The increasing number of franchises in South Africa and the contribution of franchises towards economic activity in the country has led to a rise in the awareness of tax implications on franchise owners. The South African Revenue Service (SARS) recently issued a ruling that provides more clarity on a tax deductible, in the context of franchisees.
“Franchisees have long battled with the tax deductibility of the initial fee that is paid under a franchise agreement. When SARS issues a ruling such as this, it is usually because there was ambiguity in the market and in this case, there was confusion among franchisees on the tax deductibles they could claim. With the new ruling, namely Binding Private Ruling 285 (“BPR 285”), SARS is giving franchise owners the guidance they need to be able to determine whether a specific tax deduction is available and how SARS interprets franchisees’ business in relation to this deduction,” says Natasha Wilkinson, Admitted Attorney of the High Court of South Africa and member of Tax Consulting South Africa.
Both initial fees and continuing franchise fees are tax deductible
The initial fee that franchisees pay, for example, can be tax deductible under section 11(a) of the Income Tax Act, No. 58 of 1962 if it is not capital in nature. If the initial franchise fee is capital in nature, then sections 11(gC) or 11(f) apply.
Both the initial fee, as well as the continuing fee that franchisees pay to use everything from the franchisor’s system, system property, marks, to the use of the franchisor’s computer systems, central database and the imparting of knowledge, are dedictible in terms of section 11(f).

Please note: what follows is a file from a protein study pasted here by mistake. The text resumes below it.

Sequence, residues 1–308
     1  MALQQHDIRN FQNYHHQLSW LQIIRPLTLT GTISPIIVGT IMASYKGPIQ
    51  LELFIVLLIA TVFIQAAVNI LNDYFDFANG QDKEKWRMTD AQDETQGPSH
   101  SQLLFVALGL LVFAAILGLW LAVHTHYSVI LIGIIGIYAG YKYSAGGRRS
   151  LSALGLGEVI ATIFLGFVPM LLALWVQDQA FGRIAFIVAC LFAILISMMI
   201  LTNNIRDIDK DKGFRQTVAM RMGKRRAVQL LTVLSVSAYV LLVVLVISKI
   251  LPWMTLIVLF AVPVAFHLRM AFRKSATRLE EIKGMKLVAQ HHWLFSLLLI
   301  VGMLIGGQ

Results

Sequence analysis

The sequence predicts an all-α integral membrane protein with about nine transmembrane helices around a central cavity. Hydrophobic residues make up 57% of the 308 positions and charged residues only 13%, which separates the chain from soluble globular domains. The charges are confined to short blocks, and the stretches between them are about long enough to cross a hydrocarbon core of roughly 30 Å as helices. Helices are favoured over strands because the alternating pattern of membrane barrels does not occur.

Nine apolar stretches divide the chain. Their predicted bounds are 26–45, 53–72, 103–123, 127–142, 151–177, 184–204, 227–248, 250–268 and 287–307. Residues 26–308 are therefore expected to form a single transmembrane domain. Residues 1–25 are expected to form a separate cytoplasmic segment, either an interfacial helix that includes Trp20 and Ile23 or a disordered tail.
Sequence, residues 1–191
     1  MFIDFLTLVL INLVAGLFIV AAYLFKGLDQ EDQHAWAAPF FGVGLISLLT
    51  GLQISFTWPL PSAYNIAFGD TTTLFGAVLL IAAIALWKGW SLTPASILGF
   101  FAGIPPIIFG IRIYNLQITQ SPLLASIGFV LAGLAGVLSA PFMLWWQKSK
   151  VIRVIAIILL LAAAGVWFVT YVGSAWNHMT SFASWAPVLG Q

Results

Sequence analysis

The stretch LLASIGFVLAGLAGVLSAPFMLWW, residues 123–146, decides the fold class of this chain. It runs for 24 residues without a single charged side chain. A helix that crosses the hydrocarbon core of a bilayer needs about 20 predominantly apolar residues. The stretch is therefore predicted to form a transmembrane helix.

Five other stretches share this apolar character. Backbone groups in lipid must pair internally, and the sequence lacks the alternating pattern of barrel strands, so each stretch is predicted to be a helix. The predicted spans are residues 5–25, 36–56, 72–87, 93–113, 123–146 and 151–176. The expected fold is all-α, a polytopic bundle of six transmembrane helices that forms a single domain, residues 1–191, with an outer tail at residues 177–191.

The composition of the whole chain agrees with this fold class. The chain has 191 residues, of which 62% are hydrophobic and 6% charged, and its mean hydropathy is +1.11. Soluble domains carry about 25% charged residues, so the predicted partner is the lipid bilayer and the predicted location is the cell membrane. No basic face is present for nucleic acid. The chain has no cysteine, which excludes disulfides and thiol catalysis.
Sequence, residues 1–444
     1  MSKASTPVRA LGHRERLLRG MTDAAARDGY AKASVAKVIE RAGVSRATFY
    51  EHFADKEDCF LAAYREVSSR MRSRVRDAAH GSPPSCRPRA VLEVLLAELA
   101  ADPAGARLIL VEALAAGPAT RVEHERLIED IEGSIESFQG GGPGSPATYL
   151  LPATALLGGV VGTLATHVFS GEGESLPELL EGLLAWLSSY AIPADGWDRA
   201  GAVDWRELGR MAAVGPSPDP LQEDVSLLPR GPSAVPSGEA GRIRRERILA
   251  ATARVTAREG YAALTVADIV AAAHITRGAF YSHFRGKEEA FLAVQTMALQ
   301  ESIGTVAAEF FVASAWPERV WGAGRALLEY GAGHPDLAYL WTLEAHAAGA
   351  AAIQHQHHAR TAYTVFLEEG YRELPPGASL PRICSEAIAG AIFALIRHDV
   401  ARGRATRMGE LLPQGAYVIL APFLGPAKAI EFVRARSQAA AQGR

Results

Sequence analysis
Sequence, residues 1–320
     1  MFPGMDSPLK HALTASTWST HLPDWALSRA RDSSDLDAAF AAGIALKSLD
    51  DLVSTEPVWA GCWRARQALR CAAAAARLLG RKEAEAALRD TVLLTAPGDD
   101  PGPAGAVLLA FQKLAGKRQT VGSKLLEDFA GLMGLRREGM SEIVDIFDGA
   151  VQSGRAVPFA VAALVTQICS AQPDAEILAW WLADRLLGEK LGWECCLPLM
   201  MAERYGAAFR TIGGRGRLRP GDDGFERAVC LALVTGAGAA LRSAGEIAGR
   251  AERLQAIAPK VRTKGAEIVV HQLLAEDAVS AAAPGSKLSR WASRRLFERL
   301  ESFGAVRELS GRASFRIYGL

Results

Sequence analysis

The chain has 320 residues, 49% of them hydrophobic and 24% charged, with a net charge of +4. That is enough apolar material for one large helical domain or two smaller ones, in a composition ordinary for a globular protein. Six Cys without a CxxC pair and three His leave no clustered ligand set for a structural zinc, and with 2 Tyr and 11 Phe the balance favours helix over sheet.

“Franchisees have to pay a franchisor to be able to use the brand name and receive assistance from their network of support, for example. Franchisees are also responsible for annual fees that are paid to the franchisor. SARS is essentially lessening the burden on franchisees by increasing the tax deductibles that they can claim and giving them more guidance on how to go about claiming relevant franchisee tax deductions,” says Wilkinson.
Why franchisees need experienced guidance for tax issues
A set of requirements outlined in the legislation would have to be met by franchisees to claim a tax deduction. Franchisees could open themselves up to tax issues with SARS if they inadvertently claim the incorrect deduction, so it is worthwhile to peruse BPR 285 or contract an experienced tax consultant to guide you through the process if you are unsure about which tax deduction applies to your franchise business.
“While BPR 285 is welcomed, franchisees should still seek expert assistance to ensure that they do not fall within the parameters of SARS’ qualification in the ruling. This would have dire consequences for franchisees and may result in the deduction under section 11(f) either being reduced substantially or disallowed in its entirety. Besides guidance and advice, a tax consultant can also assist you in claiming the deduction and following the appropriate administrative processes for this,” concludes Wilkinson.
MEDIA CONTACT: Idéle Prinsloo, 082 573 9219, firstname.lastname@example.org, www.atthatpoint.co.za
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